I was going to name my brand or the company Jack of All Trades because people always say, “You’re Jack of all trades.” I was like, “That’s not original enough.” I know what it means and people know what it means. I want something unique and something that I have to explain. From a business perspective, I have a business mind. I like the act of explaining things because that means someone is interested. Even the fact that you’re like, “What’s KOA?” Every time someone does that, I have the opportunity to explain myself, better educate you and then also build my brand that way. I like that people don’t know.

I get annoyed that people say KOA, but I get it because there are no dots between them so you’re not going to notice it’s an acronym. Even that conversation where I’m like, “It’s KOA and this is why.” It’s another way for me to lead into branding. I came up with the name King of Arts as a result of my desire to be good at many different things, not only myself or my brand, to be the King at multiple different art forms. That has been the vision and the creative direction of my brand. It speaks to everything I do that anyone who supports my brand, part of my brand or any of my brand is working at being the best or being the King at whatever potential art that they are pursuing. That’s how KOA came up and then I became Mr. KOA. I am not the King of Arts. King of Arts is the brand itself. Mr. KOA is I am part of my brand. I kept it very short, five letters, it’s easy to remember.

If I remember correctly, you started to use this moniker before you were King of Arts so to speak. You were still Ryan.

It was before I was a photographer, doing animation and podcast. All I was doing was sketching faces and making some clothes. I knew it could be something larger than what it was. I didn’t know what it was going to be, but my goal is to make it bigger than whatever it was at that time when they created it. Now we’re eight years later since 2012 when I launched it and I can truthfully say the KOA brand is now a conglomerate. I have small businesses I work with, creatives that are under my brand, models, clothing and podcast. There are many different branches now. It has become a hub of everything I do now, which we couldn’t have been something I could have imagined. I didn’t plan it to be like that but I knew we could be something bigger than what it was at that time. I’m happy at the progression of where I am now.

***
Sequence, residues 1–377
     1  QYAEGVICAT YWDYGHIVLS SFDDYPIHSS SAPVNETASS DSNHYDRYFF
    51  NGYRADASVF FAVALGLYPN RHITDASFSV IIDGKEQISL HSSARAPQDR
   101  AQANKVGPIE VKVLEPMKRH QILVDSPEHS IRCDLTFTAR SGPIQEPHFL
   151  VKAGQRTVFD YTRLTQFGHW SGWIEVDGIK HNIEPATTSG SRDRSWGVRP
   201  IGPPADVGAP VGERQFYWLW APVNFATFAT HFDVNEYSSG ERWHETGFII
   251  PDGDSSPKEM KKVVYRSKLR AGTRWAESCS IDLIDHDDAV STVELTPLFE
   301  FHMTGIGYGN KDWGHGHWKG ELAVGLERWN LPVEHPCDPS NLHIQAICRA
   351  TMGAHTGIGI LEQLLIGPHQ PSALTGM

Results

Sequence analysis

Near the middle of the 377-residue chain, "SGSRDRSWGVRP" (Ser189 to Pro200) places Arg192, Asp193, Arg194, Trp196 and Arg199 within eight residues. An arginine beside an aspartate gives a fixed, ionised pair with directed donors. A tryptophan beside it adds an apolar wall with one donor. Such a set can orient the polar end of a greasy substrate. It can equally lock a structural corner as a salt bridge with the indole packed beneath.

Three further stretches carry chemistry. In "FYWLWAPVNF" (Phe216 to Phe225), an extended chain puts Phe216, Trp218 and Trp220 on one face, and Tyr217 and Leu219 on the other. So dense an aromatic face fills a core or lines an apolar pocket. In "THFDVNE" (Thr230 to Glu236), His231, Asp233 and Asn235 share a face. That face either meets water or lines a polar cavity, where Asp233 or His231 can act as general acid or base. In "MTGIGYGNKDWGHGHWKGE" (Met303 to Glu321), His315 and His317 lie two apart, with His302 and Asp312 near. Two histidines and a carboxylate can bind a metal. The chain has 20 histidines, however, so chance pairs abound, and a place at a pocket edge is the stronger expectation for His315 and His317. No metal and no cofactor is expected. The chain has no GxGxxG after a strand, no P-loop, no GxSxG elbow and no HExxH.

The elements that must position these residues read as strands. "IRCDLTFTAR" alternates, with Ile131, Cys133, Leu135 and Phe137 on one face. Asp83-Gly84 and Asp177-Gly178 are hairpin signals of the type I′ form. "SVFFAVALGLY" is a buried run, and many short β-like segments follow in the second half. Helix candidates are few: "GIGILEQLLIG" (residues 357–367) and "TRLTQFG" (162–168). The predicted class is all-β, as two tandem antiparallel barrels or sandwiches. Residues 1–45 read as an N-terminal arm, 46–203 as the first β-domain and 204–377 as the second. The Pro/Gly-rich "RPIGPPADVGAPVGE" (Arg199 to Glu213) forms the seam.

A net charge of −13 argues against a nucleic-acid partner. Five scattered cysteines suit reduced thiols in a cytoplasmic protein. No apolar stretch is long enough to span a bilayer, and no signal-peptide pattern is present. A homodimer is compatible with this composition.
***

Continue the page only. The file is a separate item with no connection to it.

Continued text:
I did check out your stuff and I encourage people to check out both of your websites and Instagram in particular. There is something about this idea of curiosity. Mr. KOA creates a curiosity. The way your website works is not exactly clear what’s happening. It is a distinct feel and look. It doesn’t look or feel like every other website in a sense. I congratulate you on that idea because it can, for the right person and curious person, get them to lean in and learn more.

Thank you. I structured it in a way that forces you to dig if you want to. It’s also very linear if you’re there for a particular reason as well. If you don’t want to dig into my shit and you want to get a photoshoot, find my work or my shop, it’s right there. You can click through there and you might not go on any other pages. They can still facilitate through the website without you having to find anything. If you do want to dig for more, there are a lot of different options. You can be on the website for a while if you care to be.

It’s like an onion. You can keep peeling back as much as you like. Zamour, what’s the story behind Topboy? It has an international element to it.

A lot of people think that I got the name from the shell tabloid off of Instagram, which gained popularity once Drake helps the new season come out. It was around for years before that. It’s basically a cult following in England. I got the name long before the show even existed when I created my Instagram because I grew up in England but I moved to Mississauga, which is outside of Toronto when I was seven years old. I’m a super young child but I was still very in touch with my British roots, family, cousins and all that type of stuff. Topboy is slang in England for a leader of your crew or whatever affiliation it may be.